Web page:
Category Creative

A Space Called Home: Joe Rosshirt



Artist in his studio
Joe Rosshirt, owner of FortHouse Studios. © Brian Fitzgerald

“Kids from an early age all think they’re artists. They’ll raise their hands if you ask them in kindergarten class, says Joe Rosshirt. “Every year that goes by, less and less hands will come up, to a point where you’re self-conscious to put your hand up.”

Joe Rosshirt is an illustrator, animator and artist who operates FortHouse Studios out of his home studio in South Portland, Maine. Over the past 15 years, the Maine College of Art (MECA) graduate has worked with all types of clients incuding national and regional marketing agencies and sells his own creations at art festivals and other venues.

© Brian Fitzgerald

It’s a long way from his childhood, when he remembers doubting his dream of being an artist. “I thought, I shouldn’t be an artist because all artists are poor,” Rosshirt says. “You think that ‘starving artists’ is the one rule for artists. It’s a limiting belief.”

Rosshirt has operated out of other spaces, but this studio—he’s been here for about a year—is the first he’s owned. “I love the security. I don’t have to think where I’ll be next year. My rent’s not going up and I’m not getting pushed out. That was always a back-of-the-mind issue with all my other spaces,” he says.

Rosshirt’s previous studio was larger and ‘gorgeous’ but he says he realized after a few years that it wasn’t the space that made him an artist. “The space affects your creativity, turning into a creativity vacuum chamber. If you make the space your own, your ideas can live there. It feels like I can just access those ideas by being here.”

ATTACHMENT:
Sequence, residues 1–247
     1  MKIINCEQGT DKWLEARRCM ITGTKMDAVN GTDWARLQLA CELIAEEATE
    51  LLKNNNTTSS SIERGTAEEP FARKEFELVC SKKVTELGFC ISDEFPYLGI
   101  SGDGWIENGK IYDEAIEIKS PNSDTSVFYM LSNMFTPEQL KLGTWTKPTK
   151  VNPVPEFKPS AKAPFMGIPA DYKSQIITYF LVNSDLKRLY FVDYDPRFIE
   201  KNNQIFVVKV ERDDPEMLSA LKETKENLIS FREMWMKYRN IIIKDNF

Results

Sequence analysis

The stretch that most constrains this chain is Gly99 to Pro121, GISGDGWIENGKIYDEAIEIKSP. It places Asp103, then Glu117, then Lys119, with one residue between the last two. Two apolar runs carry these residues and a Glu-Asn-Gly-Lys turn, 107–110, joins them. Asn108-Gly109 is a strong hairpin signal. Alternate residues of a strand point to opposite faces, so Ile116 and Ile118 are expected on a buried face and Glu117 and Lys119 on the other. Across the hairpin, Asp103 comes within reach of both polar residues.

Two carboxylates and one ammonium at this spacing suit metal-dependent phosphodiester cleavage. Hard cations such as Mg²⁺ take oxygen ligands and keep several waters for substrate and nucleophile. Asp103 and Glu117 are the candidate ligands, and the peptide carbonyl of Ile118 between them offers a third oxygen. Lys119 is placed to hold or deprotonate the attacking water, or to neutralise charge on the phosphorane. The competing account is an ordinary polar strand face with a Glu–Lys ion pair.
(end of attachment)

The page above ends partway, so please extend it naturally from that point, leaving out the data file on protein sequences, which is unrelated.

Rosshirt doesn’t have a set schedule, usually getting into the studio by 10 but often working odd hours. “I transition into work mode easily. Even in the middle of the night, I act on it,” he explains. “Nine-to-five never got me into a flow state. Lightning strikes of creativity can’t be predicted.” He adds: “The Stephen King style isn’t for me: ‘Show up, do work, get out.’ Not my approach.” 

One of the things Rosshirt loves most about his work is going to art shows, where he sells directly to the public.  “I have this tagline, ‘Make Happy Happen'”, he says.   “I just want to spread smiles.  That’s enough.  I don’t need to make the sale.”

© Brian Fitzgerald


Creating Spaces is a project that explores the connection between Maine artists and craftsmen and their physical workspaces-—places that are often hallowed grounds of creativity and solitude, far from the public eye or the gallery.


Gael McKeon: Inspired and Unbound


Bass Luthier
Bass Luthier Gael McKeon, Portland, Maine. © Brian Fitzgerald

“As a young (bass) luthier, I thought I was going to make all of these innovative changes. You see people doing it all the time: they change (instruments) sporadically. It doesn’t work. If you’re going to make it different, (the instrument) still has to work,” says Gael McKeon.

© Brian Fitzgerald

McKeon, originally from New York City, has been a double bass luthier since 1998. He’s since worked and studied in New York, North Carolina, San Francisco, and Toulouse, France, before moving to Maine. In his workshop on the third floor of the State Theater building on Congress Street, McKeon repairs and restores traditional instruments while designing his own.

“Humidity and temperature control is essential. I’m ruined without that,” says McKeon of his tidy but cramped space, one wall dominated by views of Congress Street below. McKeon describes his shop as the ‘second best’ space he’s ever had. “I’m here mostly because of the windows,” he says. “It’s just big enough so that I can manage the amount of repairs that I can handle. If I had less space, I would have to tell people to hold on to their instruments while I finished other things. Here, I can juggle a little bit, and I can have adequate machinery.”